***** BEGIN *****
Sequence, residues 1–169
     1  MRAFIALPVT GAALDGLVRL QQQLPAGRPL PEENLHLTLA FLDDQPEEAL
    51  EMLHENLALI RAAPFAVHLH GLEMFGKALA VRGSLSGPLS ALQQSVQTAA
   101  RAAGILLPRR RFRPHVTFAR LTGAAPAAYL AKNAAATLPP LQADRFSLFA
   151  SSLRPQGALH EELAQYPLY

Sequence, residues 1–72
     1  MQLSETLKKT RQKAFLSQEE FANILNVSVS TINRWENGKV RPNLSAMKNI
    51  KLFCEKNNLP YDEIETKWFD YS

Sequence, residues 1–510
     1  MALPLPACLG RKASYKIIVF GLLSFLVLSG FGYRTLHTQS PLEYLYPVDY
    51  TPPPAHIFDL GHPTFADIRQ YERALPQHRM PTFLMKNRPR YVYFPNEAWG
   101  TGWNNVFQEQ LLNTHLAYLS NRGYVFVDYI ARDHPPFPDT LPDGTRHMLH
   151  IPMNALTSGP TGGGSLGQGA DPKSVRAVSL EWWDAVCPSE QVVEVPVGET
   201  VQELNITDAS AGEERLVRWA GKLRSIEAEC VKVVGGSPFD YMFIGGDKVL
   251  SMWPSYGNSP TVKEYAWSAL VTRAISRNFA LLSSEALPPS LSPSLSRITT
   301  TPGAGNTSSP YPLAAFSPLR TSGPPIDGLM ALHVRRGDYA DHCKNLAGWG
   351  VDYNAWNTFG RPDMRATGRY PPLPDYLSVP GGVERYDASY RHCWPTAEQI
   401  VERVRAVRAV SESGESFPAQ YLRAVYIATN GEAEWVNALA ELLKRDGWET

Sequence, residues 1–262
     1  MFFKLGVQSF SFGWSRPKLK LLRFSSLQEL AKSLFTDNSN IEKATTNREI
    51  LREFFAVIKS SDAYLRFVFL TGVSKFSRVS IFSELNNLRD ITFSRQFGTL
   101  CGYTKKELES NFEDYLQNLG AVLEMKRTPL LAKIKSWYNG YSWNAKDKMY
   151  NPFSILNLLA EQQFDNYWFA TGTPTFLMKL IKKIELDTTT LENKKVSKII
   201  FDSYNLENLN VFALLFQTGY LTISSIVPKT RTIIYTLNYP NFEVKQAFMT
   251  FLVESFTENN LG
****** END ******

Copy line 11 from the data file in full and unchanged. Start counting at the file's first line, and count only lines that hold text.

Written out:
    51  TPPPAHIFDL GHPTFADIRQ YERALPQHRM PTFLMKNRPR YVYFPNEAWG